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January 19, 2017

Around the nation: Detroit Medical Center's 'Clotbusters' team pioneers new PE-response system

Daily Briefing

    • Michigan: Mahir Elder, an interventional cardiologist at Detroit Medical Center's (DMC) Cardiovascular Institute, has developed a new diagnostic and treatment process for pulmonary embolism, which kills more than 600,000 people annually. Under the new process, DMC evaluates patients presenting with possible pulmonary embolism symptoms, such as chest pains, with a battery of tests, including blood tests and a CT scan. If pulmonary embolism is confirmed, the ED physician will page the hospital's Pulmonary Embolism Response Team—a group of five interventional cardiologists, several fellows, nurses, cardiovascular technologists, and radiology therapists—and prepare the patient for an immediate catheterization procedure. According to the largest study of its kind, this so-called "Clotbusters" team has treated 250 pulmonary embolism patients with a survival rate of more than 90 percent (Greene, Crain's Detroit Business, 1/15).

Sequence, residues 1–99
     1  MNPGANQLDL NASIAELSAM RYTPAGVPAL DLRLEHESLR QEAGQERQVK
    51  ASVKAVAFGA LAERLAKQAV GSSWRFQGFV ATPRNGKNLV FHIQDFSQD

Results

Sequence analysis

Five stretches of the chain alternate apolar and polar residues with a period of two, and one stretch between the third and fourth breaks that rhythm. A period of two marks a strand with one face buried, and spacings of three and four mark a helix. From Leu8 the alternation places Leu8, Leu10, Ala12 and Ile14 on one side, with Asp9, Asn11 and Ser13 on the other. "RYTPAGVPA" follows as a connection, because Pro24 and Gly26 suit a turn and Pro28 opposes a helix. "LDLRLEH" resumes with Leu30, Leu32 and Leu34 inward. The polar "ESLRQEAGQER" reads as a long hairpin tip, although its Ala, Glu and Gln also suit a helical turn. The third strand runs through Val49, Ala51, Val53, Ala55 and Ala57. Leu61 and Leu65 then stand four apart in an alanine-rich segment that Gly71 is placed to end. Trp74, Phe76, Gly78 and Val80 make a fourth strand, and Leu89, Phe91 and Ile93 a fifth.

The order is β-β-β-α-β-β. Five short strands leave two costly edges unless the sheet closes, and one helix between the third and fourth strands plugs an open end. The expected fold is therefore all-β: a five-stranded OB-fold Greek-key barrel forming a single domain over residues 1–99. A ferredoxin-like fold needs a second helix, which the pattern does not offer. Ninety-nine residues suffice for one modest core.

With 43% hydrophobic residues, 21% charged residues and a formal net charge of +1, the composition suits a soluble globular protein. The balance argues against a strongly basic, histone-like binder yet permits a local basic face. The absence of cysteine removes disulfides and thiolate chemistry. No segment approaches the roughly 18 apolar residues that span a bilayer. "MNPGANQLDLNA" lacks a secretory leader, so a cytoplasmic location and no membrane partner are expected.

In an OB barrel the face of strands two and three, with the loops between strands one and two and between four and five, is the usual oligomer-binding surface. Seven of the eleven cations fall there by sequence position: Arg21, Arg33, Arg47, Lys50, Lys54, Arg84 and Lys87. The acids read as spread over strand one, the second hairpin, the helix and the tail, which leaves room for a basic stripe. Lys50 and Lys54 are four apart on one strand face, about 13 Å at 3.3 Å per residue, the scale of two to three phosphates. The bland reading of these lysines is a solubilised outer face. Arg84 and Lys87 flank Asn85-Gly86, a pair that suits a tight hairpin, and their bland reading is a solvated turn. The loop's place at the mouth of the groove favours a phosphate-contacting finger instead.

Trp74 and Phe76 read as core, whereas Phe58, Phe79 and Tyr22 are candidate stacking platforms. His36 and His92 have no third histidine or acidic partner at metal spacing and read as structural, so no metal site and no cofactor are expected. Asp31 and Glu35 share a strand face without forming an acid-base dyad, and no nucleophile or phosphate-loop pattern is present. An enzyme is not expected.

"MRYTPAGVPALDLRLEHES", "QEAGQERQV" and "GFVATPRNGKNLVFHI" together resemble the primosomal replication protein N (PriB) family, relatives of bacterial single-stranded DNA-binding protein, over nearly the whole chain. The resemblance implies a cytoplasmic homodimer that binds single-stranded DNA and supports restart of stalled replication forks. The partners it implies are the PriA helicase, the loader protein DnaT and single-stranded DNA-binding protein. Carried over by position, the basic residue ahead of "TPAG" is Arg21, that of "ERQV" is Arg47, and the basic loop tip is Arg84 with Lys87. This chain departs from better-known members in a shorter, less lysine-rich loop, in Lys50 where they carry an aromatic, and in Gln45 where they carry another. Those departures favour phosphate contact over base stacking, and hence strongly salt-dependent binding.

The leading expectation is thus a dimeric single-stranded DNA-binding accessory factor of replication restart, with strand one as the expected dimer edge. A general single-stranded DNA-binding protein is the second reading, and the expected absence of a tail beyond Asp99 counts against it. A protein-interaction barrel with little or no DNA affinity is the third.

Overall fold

• Missouri: Lake Regional Health System CEO Michael Henze will retire on Nov. 1. Henze has served as the system's leader for 27 years, in addition to serving as a member of the Missouri Hospital Association Board of Trustees and a delegate to the American Hospital Association's Regional Policy Board. Lake Regional has formed a search committee to find a replacement (Vaidya, Becker's Hospital Review, 1/13).

    • Pennsylvania: Geisinger Health System on Tuesday announced it plans to hire 150 new nurses. Under the recruitment effort, Geisinger will offer incentives of up to $15,000, which could be used as tuition reimbursement, relocation reimbursement, or a sign-on bonus. The health system said the need for new nurses, who will be placed at hospitals in the Scranton and Wilkes-Barre areas, stems from growth within the health system (Lee, WNEP, 1/17).

    You've filled the position. Now what?

    Retaining new hires is one of the longstanding challenges in health care. Despite manager and HR efforts, newly hired employees continue to turn over at a rate far above that of more tenured staff members. In fact, new hire turnover is a disproportionate driver of an institution's overall turnover rate. Nationally, employees with less than one year of tenure make up nearly 25 percent of all health care turnover.

    But there's good news: better employee onboarding can dramatically reduce these rates. And we have two toolkits to help you improve the onboarding process, including editable templates, checklists, and guides to equip both HR and managers to efficiently and effectively onboard new employees.


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